NOT is used to make an explicit note that the gene product is not associated with the GO term. For example, if a protein has sequence similarity to an enzyme (whose activity is GO:nnnnnnn), but has been shown experimentally not to have the enzymatic activity, it can be annotated as NOT GO:nnnnnnn.
Colocalizes_with is used only with terms in the Cellular Component ontology and is given to gene products that are transiently or peripherally associated with an organelle or complex.
Contributes_to is used only with terms in the Molecular Function ontology and is given to a gene product that is a member of a complex which has an activity but the individual gene product does not have this activity. All gene products annotated using ' contributes_to ' must also be annotated to a cellular component term representing the complex that possesses the activity.
- Two Taxon ID annotation
A gene product is annotated with terms reflecting its normal activity and location. A function, process, or component observed only in a mutant or disease state is therefore not usually included. In some circumstances, however, what is "normal" is a matter of perspective, depending on the organism being annotated and on the point of view of the curator. For example, many viruses use host proteins to carry out viral processes. The host protein is then doing something abnormal from the perspective of the host, but completely normal from the perspective of the virus. GO curators handle these cases by including two taxon IDs in the "Taxon" column of the gene association file (column 13). The first taxon ID is that of the organism that encodes the gene product (e.g. host), and the second ID is that of the organism that uses the gene product (e.g. virus), and whose perspective is considered "normal" for that annotation.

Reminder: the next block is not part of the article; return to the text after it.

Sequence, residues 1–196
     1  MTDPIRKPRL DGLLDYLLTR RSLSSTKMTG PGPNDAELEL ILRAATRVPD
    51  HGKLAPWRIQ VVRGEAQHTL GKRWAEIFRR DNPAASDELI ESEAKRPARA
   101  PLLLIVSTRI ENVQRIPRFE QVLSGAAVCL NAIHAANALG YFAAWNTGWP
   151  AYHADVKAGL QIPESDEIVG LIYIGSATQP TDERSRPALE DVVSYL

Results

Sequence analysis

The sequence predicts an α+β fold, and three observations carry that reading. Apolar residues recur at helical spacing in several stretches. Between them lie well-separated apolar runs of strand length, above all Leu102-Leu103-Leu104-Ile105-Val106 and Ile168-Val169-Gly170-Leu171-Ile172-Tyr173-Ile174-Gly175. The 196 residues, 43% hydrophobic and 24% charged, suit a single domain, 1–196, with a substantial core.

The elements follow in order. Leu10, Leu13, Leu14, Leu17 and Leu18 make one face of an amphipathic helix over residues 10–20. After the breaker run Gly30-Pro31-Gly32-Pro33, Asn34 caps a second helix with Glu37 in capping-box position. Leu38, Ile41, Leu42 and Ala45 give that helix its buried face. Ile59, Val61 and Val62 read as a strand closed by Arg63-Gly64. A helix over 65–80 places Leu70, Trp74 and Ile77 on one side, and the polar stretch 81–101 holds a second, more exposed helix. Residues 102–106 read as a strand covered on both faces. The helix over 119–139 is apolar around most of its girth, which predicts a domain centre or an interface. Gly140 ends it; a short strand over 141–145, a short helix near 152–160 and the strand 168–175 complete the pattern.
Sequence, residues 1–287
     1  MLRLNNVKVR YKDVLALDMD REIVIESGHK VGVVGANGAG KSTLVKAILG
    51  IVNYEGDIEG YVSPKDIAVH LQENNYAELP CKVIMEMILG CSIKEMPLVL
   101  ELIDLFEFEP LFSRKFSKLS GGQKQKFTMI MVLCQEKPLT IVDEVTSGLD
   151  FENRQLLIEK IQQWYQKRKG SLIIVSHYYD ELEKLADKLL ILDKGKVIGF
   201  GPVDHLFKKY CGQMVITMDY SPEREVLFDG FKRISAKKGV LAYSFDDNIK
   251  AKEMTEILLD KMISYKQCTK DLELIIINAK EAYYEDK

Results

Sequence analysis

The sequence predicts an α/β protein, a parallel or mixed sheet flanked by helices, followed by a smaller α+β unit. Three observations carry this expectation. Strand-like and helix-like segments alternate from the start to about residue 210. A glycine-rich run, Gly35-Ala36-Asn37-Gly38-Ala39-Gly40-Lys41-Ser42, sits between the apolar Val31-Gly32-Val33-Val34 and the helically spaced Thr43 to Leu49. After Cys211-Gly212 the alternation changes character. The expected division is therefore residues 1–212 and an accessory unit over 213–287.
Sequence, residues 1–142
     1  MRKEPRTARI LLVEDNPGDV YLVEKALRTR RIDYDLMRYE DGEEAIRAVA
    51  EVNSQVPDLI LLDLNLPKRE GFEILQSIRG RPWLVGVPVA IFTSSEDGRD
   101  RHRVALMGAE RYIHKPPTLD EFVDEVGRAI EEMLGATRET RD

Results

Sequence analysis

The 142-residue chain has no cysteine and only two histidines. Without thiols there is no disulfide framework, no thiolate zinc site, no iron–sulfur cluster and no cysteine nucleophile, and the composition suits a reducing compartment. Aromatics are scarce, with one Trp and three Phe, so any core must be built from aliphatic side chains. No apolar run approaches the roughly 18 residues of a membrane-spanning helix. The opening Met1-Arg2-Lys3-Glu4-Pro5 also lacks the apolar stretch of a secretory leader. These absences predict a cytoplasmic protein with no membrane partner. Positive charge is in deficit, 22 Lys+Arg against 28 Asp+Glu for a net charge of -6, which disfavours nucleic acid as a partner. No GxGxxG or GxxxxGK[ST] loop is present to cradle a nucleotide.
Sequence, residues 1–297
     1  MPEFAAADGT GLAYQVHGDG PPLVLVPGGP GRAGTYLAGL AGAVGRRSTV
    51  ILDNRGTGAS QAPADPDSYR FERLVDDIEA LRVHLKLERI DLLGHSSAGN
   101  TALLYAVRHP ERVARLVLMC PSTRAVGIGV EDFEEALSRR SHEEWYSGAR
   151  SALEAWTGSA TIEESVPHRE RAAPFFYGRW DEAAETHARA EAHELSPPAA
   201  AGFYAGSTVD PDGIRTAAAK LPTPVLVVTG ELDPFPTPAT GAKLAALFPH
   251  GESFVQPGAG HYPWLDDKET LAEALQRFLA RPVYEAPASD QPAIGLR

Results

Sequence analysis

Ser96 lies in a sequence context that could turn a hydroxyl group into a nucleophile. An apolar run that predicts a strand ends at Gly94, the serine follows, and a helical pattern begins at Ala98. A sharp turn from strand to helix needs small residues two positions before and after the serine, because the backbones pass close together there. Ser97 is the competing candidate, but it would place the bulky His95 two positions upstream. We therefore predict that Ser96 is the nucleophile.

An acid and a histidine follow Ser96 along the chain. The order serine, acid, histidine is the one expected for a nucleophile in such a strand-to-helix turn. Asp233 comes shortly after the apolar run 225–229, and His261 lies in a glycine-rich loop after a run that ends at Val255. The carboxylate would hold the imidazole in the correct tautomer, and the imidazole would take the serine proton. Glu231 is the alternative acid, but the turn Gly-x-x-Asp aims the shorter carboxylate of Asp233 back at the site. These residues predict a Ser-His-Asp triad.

Please see the GO Consortium Annotation Guide for more information.
What can I do with GOA?
The success of GO can be measured by the number of databases that use it to annotate and exchange biological knowledge. The GOA project has made an important contribution to this global effort. GOA allows you to:
- Access functional information for the human, mouse, rat, cow, chicken, zebrafish and Arabidopsis proteomes or for any protein in the UniProt knowledge base (UniProtKB) using QuickGO or by downloading our gene association files.
- Find common functional information for interacting proteins using the IntAct database .
- Use a GO-slim (cut-down versions of the ontologies useful for providing an overview of GO) to summarise the biological attributes of a proteome, compare proteomes, or find out what proportion of a proteome is involved in e.g. 'transport'.
- Incorporate our manual annotation into your own databases to enhance your dataset, or use it to validate your automated way of deriving information about gene function.
- Map GO terms to your own datasets; for example, our GO mapping to InterPro entries ( InterPro2GO ) can be used to annotate mass spectrometry or microarray data.
- Find the location of human genes mapped to a particular GO term using Ensembl .
If you are new to GOA you might want to start with an easy way to view our data, one of the fastest and easiest is by using the EBI's web-based GO browser QuickGO . QuickGO is updated weekly with electronic and manual GO annotations from the EBI.
In addition to QuickGO, the Ontology Lookup Service can be used to search for GO terms.
For more ways to search GOA data, see the Searching GOA page .
Downloading gene association files
GOA provides annotations to over 110000 species, these data can be accessed from the GOA downloads page .
From this page you can download;
species-specific gene association files, if you are interested in annotations to a particular species
the UniProtKB gene association file which provides annotations to a non-redundant set of proteins from all species present in the UniProtKB
proteome gene association files containing annotations to hundreds of proteomes
For more ways to access GOA data, see the Downloads page .
Do you have more questions?